Moore famously predicted that the number of transistors in integrated circuits would grow exponentially.
Gordon Moore, who co-founded Intel with Robert Noyce in 1968, died on Friday at the age of 94.
The death was reported by Moore’s charitable foundation and Intel itself (opens in new tab), which say that the scientist and former executive died peacefully while “surrounded by family at his home in Hawaii.”
Moore was Intel’s CEO from 1979 until 1987. He continued to chair Intel’s board until 1997, retiring from the board altogether in 2006.
“Gordon Moore defined the technology industry through his insight and vision,” said current Intel CEO Pat Gelsinger. “He was instrumental in revealing the power of transistors, and inspired technologists and entrepreneurs across the decades.”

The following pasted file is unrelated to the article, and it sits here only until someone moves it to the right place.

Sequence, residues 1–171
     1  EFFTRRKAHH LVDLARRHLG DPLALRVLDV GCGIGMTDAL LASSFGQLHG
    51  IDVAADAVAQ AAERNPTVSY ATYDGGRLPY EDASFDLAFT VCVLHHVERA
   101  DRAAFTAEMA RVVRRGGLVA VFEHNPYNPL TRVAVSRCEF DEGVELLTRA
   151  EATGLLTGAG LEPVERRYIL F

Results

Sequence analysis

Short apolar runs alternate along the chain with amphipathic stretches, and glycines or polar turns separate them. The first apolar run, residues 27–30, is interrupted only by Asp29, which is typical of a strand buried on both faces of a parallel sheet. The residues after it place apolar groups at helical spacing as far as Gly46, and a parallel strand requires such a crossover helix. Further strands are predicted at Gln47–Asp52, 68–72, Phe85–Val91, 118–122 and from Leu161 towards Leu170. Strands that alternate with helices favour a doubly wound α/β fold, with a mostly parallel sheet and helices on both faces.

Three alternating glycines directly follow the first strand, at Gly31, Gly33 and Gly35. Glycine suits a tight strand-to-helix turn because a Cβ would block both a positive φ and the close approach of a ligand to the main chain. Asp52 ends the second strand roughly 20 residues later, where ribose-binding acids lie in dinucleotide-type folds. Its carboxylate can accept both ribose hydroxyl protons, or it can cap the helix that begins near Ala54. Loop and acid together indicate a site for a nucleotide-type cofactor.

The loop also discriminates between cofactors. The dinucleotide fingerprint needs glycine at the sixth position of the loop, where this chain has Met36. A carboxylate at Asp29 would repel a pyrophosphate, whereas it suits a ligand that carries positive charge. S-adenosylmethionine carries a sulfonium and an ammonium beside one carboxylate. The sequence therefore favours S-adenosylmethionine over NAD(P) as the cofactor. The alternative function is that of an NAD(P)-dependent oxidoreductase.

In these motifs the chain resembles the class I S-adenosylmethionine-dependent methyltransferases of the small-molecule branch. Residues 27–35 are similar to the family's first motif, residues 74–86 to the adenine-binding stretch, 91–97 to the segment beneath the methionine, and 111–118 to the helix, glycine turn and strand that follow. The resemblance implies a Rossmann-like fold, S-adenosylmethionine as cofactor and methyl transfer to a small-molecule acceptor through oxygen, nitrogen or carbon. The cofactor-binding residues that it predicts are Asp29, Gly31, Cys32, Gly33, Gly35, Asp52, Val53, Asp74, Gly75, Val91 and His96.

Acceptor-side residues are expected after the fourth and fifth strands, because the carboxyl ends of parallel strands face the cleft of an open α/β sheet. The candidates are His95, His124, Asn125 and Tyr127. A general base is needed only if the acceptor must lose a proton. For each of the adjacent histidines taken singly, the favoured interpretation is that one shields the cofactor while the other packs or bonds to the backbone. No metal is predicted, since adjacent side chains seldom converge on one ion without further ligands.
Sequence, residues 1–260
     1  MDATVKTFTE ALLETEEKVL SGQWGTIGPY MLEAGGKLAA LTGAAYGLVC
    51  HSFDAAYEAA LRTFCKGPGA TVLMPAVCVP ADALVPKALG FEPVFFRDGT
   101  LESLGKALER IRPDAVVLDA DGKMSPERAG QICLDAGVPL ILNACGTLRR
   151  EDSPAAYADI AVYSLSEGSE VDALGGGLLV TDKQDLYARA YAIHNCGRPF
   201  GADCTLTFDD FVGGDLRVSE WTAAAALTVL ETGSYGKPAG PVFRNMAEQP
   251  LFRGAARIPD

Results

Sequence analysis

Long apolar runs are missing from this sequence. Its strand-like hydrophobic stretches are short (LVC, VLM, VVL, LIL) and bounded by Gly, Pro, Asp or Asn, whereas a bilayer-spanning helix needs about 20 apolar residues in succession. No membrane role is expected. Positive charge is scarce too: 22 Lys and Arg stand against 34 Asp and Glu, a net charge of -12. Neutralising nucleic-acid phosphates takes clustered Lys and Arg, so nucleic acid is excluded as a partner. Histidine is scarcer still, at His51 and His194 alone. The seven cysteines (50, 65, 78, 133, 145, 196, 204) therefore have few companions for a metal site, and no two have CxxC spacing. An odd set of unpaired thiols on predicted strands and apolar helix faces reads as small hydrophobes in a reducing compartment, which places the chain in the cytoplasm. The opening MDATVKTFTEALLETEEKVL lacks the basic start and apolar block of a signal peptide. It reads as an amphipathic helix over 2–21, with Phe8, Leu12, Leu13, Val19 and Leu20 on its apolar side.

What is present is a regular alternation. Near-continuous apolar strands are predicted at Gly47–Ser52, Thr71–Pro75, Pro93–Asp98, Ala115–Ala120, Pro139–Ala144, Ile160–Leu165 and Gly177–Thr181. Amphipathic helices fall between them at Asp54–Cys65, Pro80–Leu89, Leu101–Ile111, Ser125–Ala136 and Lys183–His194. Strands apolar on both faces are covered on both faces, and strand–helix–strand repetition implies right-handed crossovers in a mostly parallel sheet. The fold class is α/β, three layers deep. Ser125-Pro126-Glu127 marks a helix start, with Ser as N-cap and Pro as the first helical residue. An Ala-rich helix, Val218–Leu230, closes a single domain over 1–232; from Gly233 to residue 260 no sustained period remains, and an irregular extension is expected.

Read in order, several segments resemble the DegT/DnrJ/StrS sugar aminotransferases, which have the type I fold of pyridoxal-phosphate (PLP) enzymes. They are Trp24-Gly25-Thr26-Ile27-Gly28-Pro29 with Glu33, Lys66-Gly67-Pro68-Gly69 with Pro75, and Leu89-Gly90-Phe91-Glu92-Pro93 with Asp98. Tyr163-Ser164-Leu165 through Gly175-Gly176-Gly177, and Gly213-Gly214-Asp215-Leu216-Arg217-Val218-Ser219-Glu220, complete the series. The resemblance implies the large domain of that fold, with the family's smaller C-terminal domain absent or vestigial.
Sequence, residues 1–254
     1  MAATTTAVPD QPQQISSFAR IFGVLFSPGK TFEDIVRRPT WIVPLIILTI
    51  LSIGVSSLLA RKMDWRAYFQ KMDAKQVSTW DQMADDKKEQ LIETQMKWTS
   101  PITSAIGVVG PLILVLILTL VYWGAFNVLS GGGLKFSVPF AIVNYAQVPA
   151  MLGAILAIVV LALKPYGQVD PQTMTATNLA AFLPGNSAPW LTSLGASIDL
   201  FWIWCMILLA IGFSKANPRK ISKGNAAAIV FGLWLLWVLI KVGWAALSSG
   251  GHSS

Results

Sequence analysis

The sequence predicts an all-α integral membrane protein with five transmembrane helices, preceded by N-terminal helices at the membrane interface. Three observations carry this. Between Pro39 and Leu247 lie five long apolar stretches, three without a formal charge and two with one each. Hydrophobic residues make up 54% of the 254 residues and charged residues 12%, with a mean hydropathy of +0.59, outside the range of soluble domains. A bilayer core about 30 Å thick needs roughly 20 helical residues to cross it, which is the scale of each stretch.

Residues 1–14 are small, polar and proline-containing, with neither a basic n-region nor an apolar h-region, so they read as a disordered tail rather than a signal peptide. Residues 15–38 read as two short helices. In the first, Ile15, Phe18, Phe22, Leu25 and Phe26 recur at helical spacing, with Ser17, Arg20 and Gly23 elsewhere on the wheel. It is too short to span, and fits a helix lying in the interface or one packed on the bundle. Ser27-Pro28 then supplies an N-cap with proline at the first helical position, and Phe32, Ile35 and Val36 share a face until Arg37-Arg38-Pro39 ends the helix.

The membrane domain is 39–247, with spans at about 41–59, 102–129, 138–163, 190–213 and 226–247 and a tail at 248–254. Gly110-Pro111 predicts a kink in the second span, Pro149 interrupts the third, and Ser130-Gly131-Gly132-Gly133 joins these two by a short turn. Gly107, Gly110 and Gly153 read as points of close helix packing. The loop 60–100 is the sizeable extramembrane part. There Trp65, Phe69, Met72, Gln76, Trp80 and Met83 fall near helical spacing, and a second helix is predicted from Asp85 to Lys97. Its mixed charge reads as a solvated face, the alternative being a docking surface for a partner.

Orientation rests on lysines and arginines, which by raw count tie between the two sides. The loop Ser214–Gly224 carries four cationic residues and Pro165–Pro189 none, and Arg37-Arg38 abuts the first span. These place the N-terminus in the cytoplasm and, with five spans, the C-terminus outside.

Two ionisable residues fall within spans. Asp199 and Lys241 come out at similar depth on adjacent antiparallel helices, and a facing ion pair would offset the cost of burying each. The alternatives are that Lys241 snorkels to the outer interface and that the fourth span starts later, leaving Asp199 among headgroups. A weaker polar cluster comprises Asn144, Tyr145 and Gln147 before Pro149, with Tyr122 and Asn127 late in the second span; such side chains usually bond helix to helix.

In 2000, Moore and his wife created the Gordon and Betty Moore Foundation to support “scientific discovery, environmental conservation, patient care improvements and preservation of the special character of the San Francisco Bay Area.”
Even those who aren’t aware of Moore’s history at Intel will likely know his name from Moore’s Law (opens in new tab), which refers to his famous 1965 prediction that the number of transistors in integrated circuits would grow exponentially, doubling every year for 10 years. In 1975, Moore dropped the rate of his prediction to every two years, and although its relevance today is debated (opens in new tab), it has held roughly true. Back in 1975, chips held around 5,000 transistors. Last year, Apple unveiled (opens in new tab) a consumer dual-die chip containing 114 billion transistors.
About what Moore learned from his famous prediction, his foundation’s obituary (opens in new tab)recounts a joke he made in 2015: “Well, once I made a successful prediction, I avoided making another.”
Moore is survived by his wife, Betty, sons Kenneth and Steven, and four grandchildren.